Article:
Trial by #BLACKTWITTER

Online community attempts to ensure the world knows what's going on in Black America.

Credit: John Jennings, www.moneytechtimes.com
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Almost nothing gets by Black Twitter.

Black Twitter is a civil rights movement, U.S Supreme Court and the Shaderoom, all in one.

There is no special membership, you just have to be able to stand and dish the heat of black knowledge and culture. If you’re black, have black friends, or have spent time at a historically black college, you more than likely will pass the test. 

Sherri Williams, an assistant professor at American University,  said she is part of Black Twitter.

“I would define Black Twitter as a collection of like-minded people who are also black, who communicate with each other on this social media site to discuss cultural traditions and mores and also to advance social justice,” she said.

Black Twitter’s main purpose is social activism and attempts to ensure that the world knows what’s going on in black communities across the country. The most well-known Black Twitter hashtag, #BlackLivesMatter, began in 2013, when activist Alicia Garza went on Facebook to express frustration about George Zimmerman’s acquittal in the killing of Trayvon Martin.

Her friend responded with the hashtag and it spread across Facebook, Twitter and other social media platforms.  The hashtag sparked nationwide protest against police killings of black people and other issues related to racial inequalities in the United States.

Since #BlackLivesMatter, other hashtags such as #IfTheyGunnedMeDown have gained national attention because of Black Twitter. African Americans posted photos of themselves as they believed the media would represent them.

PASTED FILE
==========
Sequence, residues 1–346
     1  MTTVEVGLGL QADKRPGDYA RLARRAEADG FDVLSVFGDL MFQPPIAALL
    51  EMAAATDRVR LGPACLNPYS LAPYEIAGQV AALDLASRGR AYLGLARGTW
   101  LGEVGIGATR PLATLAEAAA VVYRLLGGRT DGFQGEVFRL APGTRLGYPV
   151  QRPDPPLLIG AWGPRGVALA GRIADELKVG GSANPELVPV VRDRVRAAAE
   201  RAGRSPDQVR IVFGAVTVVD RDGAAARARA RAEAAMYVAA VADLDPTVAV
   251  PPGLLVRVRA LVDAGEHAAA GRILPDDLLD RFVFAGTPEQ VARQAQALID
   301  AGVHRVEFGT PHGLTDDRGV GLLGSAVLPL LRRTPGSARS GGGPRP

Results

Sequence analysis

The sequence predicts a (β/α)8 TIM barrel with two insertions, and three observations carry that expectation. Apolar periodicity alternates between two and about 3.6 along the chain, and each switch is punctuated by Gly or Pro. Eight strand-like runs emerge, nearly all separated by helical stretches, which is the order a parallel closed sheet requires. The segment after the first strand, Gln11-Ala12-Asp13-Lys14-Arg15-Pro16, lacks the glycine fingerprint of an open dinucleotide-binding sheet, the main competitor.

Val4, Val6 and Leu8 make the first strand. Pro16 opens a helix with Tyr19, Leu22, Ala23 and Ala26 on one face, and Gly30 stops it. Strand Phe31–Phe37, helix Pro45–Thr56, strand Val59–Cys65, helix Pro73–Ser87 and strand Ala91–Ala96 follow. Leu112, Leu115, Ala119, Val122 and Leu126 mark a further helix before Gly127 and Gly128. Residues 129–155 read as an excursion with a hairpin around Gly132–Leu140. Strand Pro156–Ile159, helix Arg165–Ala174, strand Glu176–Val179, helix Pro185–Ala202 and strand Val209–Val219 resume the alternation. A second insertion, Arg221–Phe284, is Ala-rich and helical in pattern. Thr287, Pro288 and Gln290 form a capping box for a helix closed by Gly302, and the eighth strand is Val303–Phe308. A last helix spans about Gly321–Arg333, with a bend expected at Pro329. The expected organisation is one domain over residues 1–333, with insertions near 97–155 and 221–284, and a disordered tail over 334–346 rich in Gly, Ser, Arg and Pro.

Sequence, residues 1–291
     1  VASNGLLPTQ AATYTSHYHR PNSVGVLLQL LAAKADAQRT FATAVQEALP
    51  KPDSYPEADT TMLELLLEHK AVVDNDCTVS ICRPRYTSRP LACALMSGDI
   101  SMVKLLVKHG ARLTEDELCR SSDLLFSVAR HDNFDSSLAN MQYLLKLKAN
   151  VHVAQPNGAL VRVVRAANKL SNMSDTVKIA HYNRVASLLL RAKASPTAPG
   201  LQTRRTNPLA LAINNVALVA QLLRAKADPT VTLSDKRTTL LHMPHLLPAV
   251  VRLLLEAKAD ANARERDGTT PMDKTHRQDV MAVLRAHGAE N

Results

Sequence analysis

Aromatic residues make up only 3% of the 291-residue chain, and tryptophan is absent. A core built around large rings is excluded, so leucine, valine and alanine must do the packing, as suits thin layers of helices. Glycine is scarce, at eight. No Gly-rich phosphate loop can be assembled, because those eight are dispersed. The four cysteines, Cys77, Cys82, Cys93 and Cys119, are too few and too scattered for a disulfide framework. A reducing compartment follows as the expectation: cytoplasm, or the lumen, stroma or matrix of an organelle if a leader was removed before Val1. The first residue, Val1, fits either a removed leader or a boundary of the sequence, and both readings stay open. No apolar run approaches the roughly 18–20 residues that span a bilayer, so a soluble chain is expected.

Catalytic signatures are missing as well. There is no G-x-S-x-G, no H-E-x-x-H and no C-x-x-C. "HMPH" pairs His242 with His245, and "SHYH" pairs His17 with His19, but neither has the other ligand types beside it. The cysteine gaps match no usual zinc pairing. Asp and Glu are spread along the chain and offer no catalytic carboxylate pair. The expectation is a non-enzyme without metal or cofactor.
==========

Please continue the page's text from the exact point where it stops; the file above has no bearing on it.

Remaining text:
This was in response to the media’s portrayal of Michael Brown, an unarmed African American teenager who was shot by a white police officer.  Instead of using the 18-year-old’s graduation photos, the media used photos that some people say depicted him as as “thug.” The same happened with Trayvon Martin.

Black Twitter exposes and continuously discusses the systematic racism in America. #FreeCyntoiaBrown brought the young teenagers’ case back into the spotlight. Black Twitter members are calling for a review of her sentencing.

When Cyntoia Brown was 16, she shot and killed a man who had allegedly hired her for sex. She was tried as an adult, convicted of first-degree murder and given a mandatory life sentence with the possibility of parole only after 51 years, according to ABC News.

With the #FreeCyntoiaBrown hashtag and others, Black Twitter demanded answers and results, not just retweets. Scholars, celebrities, and everyday people who aren’t normally in the same space to talk are able to engage in conversation and express their opinions on common topics.

The topics discussed on Black Twitter are nothing new, it’s just a new way to communicate them.

It’s instant.

During the Civil Rights Movement, protest information had to be mailed or heard through word of mouth, but with Twitter, activist can spark and show support of protest nationwide.

“I can talk about anything whenever I want to but I feel like what Black Twitter has done is it has amplified some of the conversations that black people are already having and have already been having for decades,” said Williams.